Legal (Advice) Privilege Never Dies
What is Legal Advice Privilege?
The principle of legal advice privilege between a solicitor and their client is endorsed in both statute and common law and is a fundamental basis to ensure open and candid instructions from the client and likewise advice from the solicitor.
Solicitors are obliged under Chapter 4 of the Solicitors Regulations Code of Conduct handbook to uphold the duty of client confidentiality, which applies even after the retainer has terminated.
Guidance is also provided by the Law Society in their Practice Note.
In addition, the Civil Procedure Rules, 31.3 (b) permits the withholding of documents which are considered privileged.
What does Legal Advice Privilege Cover?
It covers confidential communications between a solicitor and their client (whether litigation is contemplated/pending or not, and is distinct from Legal Litigation Privilege).
This means that such communications cannot be disclosed to third party for production or inspection.
The question of what communications and what sort advice is protected has been the subject of extensive litigation.
It is not confined to just telling the client what the law is but extends to advising the client what the client should prudentially and sensibly do in the “relevant legal context” as confirmed in the leading case of Three Rivers DC v Governor and Company of the Bank of England (No.6) (2004).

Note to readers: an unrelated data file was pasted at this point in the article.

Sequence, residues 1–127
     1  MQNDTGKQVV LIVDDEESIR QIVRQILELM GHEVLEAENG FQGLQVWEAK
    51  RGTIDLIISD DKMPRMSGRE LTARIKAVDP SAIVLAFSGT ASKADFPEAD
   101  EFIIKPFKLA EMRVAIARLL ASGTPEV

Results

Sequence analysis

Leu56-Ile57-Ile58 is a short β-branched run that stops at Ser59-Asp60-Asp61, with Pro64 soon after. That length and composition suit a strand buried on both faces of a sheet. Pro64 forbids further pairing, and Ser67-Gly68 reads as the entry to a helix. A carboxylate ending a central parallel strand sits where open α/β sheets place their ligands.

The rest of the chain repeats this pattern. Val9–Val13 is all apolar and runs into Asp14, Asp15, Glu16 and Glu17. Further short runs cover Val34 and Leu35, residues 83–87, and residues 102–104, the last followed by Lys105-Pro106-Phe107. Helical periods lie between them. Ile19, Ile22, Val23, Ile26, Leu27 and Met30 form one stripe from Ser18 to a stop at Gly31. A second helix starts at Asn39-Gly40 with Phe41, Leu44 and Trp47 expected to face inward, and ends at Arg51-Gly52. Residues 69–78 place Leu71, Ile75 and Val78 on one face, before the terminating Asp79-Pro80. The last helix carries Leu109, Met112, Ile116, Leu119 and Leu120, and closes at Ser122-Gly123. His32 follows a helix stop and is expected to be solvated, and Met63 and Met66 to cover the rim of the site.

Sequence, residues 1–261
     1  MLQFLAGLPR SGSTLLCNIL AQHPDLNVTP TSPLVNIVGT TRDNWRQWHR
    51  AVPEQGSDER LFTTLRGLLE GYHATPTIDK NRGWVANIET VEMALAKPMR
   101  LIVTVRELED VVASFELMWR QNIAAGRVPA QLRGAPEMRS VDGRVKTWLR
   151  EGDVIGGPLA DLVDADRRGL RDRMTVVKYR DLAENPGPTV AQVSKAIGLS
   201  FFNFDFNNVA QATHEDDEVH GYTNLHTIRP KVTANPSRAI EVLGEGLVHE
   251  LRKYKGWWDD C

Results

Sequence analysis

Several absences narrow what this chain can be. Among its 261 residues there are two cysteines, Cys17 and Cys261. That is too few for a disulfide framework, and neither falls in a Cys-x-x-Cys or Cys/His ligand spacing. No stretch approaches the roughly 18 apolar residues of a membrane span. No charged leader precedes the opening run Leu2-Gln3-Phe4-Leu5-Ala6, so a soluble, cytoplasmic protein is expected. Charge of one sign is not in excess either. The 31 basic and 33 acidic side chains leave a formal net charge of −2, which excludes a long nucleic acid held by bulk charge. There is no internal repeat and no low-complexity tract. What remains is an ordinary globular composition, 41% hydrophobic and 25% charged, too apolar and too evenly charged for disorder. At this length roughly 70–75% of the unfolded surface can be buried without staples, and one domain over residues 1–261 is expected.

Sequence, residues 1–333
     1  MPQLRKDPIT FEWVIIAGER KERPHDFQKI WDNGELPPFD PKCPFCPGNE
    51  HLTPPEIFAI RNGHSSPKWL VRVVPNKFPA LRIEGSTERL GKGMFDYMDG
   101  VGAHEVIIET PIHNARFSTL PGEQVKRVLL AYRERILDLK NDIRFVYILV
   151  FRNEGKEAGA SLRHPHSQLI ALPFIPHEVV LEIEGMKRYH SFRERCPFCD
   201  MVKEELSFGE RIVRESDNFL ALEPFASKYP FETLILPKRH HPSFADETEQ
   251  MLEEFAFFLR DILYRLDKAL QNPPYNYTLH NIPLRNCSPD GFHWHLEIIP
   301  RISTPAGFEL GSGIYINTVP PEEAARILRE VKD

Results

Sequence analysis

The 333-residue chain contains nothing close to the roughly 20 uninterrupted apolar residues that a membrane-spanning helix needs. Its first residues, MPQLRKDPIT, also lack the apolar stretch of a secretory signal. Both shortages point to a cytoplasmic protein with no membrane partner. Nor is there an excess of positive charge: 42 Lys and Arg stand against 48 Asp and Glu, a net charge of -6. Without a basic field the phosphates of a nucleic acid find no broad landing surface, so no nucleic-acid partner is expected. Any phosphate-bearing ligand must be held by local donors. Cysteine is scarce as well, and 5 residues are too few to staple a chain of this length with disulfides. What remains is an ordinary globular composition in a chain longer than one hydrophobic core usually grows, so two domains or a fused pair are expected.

It can cover not just the legal advice itself but the evidence that legal advice was actually given.
Who does Legal Advice Privilege Belong To?
The client, as opposed to the solicitor. It can therefore only be waived by the client.
The case of Lee Victor Addlesee & Ors v Dentons Europe LLP (2019)
This case re-inforced the principle that legal advice privilege once established will remain in existence unless and until it has been waived by the client.
Investors had initiated a claim against a Cypriot company which had dissolved, for fraud and/or negligence of an investment scheme. They then applied for disclosure of communications between the company and their lawyers.
It was accepted that the communication would otherwise be protected by legal advice privilege but the investors argued that this ceased when the company dissolved as there was no entity in existence entitled to assert the protection.
The Court of Appeal disagreed and held that legal advice privilege was absolute and survived even once a client died (or in this case dissolved). The real question is not whether there was someone to assert privilege but whether there was someone to waive privilege and if so had they done so. It did not matter that in the current situation that there was never going to be someone able to waive privilege.
What does the Future Hold for Legal Advice Privilege?
If Brexit occurs, then UK lawyers will no longer be afforded protection of legal advice privilege within the EU as they will be considered third-country lawyers before EU bodies and courts.
It is not clear what agreement will be reached beyond the transition period to combat this issue.